Faculty members who wish to inquire about the availability and cost of rental regalia may contact the U-Store directly.Email the UStore
Faculty have an important role in Commencement, and keep ceremonial traditions alive in in modern academic institution.
Faculty and the administration of each academic college play an important role in the planning and execution of Commencement. Both degree candidates and the Office of the Provost highly value the participation of faculty and staff of academic colleges.
Each academic college designates a lead marshal to work collaboratively with the dean, associate dean, chairs, Commencement Committee, and Office of the Provost to coordinate and share information about faculty participation in Commencement. Please contact your college’s lead marshal to participate in the faculty processional at Commencement.
|College of Business and Economics||Neeraj Parolia, Ph.D.
|College of Education||Gilda Martinez-Alba, Ph.D.
|College of Fine Arts and Communication||Tom Cascella, M.F.A.
|College of Health Professions||Mary Lashley, Ph.D.
|College of Liberal Arts||Bethany Willis, Ph.D.
|Fisher College of Science and Mathematics||Jay Zimmerman, Ph.D.
On Commencement day, degree candidates appreciate seeing the faces of the professors and mentors who have supported them along the way. There are several opportunities for faculty and staff to participate in their college’s ceremony. Review the sections below for detailed descriptions.
Academic college deans are members of the stage party and play an important role by briefly addressing graduates prior to degree conferral, participating in doctoral degree conferral (if applicable), and shaking degree candidates hands as they cross the stage.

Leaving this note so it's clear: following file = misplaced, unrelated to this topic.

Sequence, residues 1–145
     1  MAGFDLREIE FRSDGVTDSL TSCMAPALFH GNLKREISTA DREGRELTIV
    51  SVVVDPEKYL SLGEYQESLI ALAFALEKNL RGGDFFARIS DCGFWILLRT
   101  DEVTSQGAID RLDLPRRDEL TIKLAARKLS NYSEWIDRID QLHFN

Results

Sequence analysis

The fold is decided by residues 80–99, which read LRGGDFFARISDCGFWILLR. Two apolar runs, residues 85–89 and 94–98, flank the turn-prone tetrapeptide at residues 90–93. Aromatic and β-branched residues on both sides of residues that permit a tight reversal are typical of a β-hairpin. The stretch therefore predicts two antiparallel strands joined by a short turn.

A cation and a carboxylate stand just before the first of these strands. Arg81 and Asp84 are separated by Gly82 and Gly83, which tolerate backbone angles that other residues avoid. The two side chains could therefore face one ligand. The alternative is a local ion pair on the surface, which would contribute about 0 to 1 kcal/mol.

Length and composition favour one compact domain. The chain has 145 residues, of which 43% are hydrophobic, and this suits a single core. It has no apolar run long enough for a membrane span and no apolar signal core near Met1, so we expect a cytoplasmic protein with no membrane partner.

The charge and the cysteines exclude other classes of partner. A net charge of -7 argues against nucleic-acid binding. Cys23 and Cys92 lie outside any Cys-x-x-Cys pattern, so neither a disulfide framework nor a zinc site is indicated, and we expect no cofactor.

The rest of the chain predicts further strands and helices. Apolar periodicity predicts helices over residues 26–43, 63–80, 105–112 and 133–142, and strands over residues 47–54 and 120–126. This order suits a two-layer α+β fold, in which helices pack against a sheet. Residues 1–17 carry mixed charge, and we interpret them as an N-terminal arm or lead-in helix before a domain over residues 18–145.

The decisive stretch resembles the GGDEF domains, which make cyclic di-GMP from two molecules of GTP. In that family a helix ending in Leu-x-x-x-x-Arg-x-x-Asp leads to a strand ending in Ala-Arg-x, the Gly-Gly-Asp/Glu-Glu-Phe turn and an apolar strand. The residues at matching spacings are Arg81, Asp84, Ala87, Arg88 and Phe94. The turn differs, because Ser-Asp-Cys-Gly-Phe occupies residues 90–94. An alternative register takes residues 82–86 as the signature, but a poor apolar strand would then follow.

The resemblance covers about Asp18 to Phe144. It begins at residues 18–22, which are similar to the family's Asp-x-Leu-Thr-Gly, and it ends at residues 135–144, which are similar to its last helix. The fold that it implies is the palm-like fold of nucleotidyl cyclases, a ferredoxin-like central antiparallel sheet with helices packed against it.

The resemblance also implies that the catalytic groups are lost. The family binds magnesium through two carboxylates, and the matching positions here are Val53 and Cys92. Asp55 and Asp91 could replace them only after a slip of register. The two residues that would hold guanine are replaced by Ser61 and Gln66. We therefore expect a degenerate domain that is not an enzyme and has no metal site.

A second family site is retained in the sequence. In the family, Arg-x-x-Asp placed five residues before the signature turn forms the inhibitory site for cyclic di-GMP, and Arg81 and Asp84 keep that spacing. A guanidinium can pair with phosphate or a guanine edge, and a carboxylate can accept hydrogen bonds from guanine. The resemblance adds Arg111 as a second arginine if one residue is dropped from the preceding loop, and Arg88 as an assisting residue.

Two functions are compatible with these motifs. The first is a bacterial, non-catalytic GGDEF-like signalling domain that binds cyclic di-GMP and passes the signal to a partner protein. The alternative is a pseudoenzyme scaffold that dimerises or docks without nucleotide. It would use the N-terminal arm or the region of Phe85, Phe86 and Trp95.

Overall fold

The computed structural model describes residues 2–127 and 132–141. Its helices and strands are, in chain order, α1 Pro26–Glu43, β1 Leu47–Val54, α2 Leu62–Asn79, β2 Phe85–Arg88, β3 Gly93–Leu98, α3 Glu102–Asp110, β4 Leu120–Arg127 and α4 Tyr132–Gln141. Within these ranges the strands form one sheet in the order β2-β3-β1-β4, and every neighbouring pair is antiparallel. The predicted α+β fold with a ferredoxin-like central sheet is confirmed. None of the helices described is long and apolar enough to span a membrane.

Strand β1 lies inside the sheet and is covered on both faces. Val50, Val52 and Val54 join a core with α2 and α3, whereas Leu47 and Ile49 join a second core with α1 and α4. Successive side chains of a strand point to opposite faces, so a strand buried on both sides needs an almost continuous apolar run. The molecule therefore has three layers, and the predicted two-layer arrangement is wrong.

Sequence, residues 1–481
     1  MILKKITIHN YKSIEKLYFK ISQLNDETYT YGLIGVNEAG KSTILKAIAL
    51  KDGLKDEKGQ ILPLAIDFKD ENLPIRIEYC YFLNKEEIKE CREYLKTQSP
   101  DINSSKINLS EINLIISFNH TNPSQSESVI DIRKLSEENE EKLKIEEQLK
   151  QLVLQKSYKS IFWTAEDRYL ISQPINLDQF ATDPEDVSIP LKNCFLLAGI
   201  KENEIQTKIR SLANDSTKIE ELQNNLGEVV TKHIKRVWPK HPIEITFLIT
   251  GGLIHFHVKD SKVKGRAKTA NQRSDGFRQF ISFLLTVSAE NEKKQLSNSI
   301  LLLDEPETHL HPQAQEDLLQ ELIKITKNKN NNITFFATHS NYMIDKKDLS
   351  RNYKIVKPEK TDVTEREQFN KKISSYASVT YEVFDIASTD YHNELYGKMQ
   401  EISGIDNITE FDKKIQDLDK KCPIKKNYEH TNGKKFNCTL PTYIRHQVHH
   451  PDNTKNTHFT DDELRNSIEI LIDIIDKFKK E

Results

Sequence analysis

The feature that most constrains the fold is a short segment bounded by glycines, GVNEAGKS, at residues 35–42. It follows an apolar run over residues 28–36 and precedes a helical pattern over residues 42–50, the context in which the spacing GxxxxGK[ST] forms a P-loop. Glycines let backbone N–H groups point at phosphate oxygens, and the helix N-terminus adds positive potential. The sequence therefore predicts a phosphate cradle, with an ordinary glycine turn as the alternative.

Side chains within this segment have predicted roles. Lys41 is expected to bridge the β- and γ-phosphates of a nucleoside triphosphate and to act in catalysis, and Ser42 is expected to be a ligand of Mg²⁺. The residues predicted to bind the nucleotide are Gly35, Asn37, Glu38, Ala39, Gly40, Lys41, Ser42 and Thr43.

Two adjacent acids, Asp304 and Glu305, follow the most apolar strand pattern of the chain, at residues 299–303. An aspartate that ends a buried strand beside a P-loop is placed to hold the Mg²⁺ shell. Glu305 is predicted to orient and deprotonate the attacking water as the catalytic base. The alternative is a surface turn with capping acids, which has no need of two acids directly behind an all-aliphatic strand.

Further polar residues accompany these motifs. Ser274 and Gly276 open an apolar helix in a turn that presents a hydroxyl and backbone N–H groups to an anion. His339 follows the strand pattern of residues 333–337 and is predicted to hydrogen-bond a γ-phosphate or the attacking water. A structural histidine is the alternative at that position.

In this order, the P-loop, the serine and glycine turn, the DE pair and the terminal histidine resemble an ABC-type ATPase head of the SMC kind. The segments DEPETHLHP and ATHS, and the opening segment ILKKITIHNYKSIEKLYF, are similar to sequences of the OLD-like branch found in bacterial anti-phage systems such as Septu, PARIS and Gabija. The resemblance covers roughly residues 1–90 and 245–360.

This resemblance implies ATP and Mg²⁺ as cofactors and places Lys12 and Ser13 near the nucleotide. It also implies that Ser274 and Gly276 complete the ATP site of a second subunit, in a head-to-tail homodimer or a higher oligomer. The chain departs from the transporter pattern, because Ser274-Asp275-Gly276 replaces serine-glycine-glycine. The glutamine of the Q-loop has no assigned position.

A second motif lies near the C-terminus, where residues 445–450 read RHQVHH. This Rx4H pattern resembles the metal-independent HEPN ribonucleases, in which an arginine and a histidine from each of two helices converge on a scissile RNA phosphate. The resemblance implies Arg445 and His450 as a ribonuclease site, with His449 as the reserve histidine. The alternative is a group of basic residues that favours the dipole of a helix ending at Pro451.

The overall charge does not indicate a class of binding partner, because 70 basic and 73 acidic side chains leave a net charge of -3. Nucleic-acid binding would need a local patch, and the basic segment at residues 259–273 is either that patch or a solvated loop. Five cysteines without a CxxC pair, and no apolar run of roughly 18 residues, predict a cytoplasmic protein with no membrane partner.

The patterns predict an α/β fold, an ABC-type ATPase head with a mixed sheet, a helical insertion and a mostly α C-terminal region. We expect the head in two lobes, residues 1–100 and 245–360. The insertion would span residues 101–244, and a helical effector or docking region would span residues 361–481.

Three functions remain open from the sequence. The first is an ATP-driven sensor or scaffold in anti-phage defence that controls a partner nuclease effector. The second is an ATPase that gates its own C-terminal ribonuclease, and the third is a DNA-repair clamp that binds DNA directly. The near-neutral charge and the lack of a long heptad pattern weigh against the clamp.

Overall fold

Associate deans are members of the stage party and primarily coordinate student speaker and banner carrier selection for their respective college. During the ceremony, the associate deans shake degree candidates’ hands as they cross the stage.
Departmental chairpersons and program directors are members of the stage party. They represent academic leadership as well as the academic “home” of degree candidates. Chairpersons may also serve as VIP marshals, and grand marshals. On ceremony day, members of the stage party report to the TU Arena Multipurpose Room (located on third floor).
The grand marshal is a faculty member who is nominated by the college and then must be reviewed by the Provost for this role. This is typically a senior and well-respected faculty member within the college. This person may carry the mace and concludes the ceremony, being the first one to process in and out.
VIP marshals lead the stage party on and off the stage during the ceremonies. Frequently, deans select retiring or long-serving faculty for this role.
A mandatory rehearsal for VIP marshals takes place the Tuesday prior to the ceremonies.
Degree candidate marshals lead the undergraduate and graduate candidates into the ceremony, direct them on and off the stage to receive their scrolls and lead them out during the recessional. They are part of the faculty processional and work closely with the ceremony floor coordinators during the conferral of degrees.
Degree candidate marshals can be included in the processing faculty count.
Faculty marshals will lead the faculty in and out of the ceremony and are members of the faculty processional. Typically, the Lead Marshal serves as one of the Faculty Marshals.
Faculty marshals can be included in the processing faculty count.
Each academic college designates a lead marshal who typically serves for three to five years in this role. Lead marshals work collaboratively with the dean, associate dean, chairs, Commencement Committee, and Office of the Provost to coordinate and share information about faculty participation in Commencement. The lead marshal usually serves as a faculty marshal, but deans have previously selected lead marshals to serve as a VIP marshal. Additional aspects of the lead marshal position include:
inviting and encouraging faculty to attend the ceremony as part of the processional
distributing parking passes to members of the faculty processional